The PAN technology works best with mobile, and emerging mobile solutions mean that local location awareness can be used at scale – great for IoT deployments. Low Power Wide Area (LPWA) wireless, such as LoRa, enables highly-secure, low-bandwidth, low-power implementations to connect deeply-isolated yet essential industrial systems – air quality monitors, for example. Such LPWA networks are expected to become a $23 billion industry in 2020.
These and other emerging technologies will underpin future location-based service delivery, and each evolution unleashes new industries and use cases as adoption of such services reaches critical mass. A recent study commissioned by the National Institute of Standards and Technology (NIST) suggests the staggering rapidity of this proliferation. The report reveals ten key industries (agriculture, electricity, finance, location-based services, mining, maritime, oil and gas, surveying, telecommunications and telematics) that have generated $1.4 trillion in the 36 years since GPS was made available for private-sector use. What’s telling about this data is that 90% of this revenue was created in just nine years since 2010, as usage and deployment opportunities expand.
Walter G. Copan, Under Secretary of Commerce for Standards and Technology and NIST Director, said in a press release: “When GPS was made available for civilian use, no one could have imagined how much our economy and daily lives would come to depend on it.”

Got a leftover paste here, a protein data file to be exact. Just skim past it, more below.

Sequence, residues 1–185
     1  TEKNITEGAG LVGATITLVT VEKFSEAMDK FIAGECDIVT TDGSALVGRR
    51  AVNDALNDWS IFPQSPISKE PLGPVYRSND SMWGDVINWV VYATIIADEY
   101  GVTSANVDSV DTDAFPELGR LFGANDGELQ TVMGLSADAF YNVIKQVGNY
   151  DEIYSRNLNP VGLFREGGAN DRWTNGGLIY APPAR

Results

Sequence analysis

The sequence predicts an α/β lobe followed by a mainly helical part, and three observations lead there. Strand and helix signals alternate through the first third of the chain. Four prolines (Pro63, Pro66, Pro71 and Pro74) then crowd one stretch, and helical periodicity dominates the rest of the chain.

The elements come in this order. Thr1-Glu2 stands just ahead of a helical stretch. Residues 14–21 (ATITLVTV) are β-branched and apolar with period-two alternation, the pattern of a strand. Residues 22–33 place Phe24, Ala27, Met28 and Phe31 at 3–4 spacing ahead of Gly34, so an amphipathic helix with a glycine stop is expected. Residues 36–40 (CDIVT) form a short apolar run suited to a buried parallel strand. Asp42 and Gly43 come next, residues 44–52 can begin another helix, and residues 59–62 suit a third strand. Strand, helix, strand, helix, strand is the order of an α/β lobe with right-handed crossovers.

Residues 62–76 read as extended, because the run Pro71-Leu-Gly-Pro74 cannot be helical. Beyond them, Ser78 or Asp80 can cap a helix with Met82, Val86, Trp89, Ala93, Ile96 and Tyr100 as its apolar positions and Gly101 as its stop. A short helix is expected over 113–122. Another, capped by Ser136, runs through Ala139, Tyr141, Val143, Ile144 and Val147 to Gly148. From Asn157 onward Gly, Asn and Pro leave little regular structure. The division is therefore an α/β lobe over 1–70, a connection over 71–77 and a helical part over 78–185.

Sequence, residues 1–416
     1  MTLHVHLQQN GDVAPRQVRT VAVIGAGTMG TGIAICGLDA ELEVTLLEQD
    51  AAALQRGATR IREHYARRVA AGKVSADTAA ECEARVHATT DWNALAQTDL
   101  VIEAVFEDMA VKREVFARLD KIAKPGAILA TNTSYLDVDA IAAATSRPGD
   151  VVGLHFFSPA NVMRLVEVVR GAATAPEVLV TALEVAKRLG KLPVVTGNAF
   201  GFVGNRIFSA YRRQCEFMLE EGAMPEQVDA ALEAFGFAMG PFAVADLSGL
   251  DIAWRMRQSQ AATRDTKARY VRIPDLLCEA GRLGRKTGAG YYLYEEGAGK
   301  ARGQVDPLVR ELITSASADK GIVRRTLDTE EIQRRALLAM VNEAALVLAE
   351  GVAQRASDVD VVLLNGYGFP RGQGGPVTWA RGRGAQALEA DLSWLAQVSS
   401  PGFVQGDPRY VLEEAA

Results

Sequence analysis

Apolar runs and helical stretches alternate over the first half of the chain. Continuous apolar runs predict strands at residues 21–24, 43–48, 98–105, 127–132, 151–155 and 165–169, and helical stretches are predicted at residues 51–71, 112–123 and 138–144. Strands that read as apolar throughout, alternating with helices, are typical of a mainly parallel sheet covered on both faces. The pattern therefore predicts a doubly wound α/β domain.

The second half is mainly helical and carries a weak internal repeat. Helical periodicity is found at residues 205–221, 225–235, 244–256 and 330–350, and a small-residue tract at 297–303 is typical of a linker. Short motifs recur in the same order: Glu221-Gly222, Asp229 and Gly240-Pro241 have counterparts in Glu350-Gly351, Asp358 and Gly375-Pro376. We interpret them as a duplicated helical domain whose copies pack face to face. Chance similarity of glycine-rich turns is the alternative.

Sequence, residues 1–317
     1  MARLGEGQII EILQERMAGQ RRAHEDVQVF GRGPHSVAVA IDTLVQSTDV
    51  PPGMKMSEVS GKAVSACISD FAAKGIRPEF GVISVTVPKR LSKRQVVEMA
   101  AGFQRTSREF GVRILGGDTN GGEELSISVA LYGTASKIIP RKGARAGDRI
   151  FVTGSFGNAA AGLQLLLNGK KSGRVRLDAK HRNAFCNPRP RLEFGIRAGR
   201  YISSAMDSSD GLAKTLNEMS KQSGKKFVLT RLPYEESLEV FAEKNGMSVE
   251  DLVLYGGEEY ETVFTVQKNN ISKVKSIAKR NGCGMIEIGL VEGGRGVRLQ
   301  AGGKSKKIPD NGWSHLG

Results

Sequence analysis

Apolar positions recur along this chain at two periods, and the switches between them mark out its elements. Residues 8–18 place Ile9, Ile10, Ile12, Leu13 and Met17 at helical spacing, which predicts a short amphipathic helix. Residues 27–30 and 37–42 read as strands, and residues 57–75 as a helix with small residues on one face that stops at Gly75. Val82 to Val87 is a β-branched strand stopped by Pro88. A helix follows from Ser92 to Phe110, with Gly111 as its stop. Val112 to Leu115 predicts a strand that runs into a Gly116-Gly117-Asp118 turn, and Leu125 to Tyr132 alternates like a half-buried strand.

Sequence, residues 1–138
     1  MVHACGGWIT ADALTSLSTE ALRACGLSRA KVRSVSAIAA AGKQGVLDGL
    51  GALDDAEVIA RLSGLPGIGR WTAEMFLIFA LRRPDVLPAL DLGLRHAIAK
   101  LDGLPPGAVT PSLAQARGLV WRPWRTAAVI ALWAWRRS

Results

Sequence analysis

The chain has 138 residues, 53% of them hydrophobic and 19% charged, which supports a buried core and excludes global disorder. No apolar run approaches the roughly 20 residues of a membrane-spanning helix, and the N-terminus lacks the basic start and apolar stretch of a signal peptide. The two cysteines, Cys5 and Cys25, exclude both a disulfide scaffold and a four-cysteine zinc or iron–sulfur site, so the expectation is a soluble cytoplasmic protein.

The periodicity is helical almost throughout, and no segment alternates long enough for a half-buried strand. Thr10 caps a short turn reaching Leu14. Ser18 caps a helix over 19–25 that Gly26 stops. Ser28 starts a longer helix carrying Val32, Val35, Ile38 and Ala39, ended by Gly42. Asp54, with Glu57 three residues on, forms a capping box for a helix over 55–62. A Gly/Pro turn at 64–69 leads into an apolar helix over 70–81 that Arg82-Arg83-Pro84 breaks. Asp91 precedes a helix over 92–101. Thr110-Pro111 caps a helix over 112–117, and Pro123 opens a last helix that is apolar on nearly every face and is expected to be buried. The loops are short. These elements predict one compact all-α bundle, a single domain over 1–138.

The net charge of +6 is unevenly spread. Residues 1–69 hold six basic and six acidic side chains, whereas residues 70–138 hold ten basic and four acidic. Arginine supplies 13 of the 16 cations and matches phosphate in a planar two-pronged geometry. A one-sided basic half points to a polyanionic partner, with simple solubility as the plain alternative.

Asset tracking is a perennial challenge for manufacturers: they want to keep track of their assets, tools, containers and boxes but don’t want to waste valuable time and resources searching for them. The latest digital technologies can help and provide supplementary benefits, too, on top of being able to pinpoint your tools, assets, people and vehicles on a map. Find out how Orange Business Services can help you choose the right indoor tracking solutions for your Industrial IoT projects.
Jon Evans is a highly experienced technology journalist and editor. He has been writing for a living since 1994. These days you might read his daily regular Computerworld AppleHolic and opinion columns. Jon is also technology editor for men's interest magazine, Calibre Quarterly, and news editor for MacFormat magazine, which is the biggest UK Mac title. He's really interested in the impact of technology on the creative spark at the heart of the human experience. In 2010 he won an American Society of Business Publication Editors (Azbee) Award for his work at Computerworld.